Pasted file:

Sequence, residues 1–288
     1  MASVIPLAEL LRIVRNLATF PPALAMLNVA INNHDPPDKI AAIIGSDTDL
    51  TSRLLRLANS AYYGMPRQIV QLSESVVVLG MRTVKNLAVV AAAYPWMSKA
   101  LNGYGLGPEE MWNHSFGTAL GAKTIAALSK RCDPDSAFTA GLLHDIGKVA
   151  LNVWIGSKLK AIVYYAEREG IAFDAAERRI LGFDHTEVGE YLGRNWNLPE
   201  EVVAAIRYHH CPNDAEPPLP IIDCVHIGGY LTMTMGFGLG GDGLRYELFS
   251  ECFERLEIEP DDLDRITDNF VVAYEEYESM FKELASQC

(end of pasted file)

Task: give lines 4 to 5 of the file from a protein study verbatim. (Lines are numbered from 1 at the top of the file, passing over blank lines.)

   101  LNGYGLGPEE MWNHSFGTAL GAKTIAALSK RCDPDSAFTA GLLHDIGKVA
   151  LNVWIGSKLK AIVYYAEREG IAFDAAERRI LGFDHTEVGE YLGRNWNLPE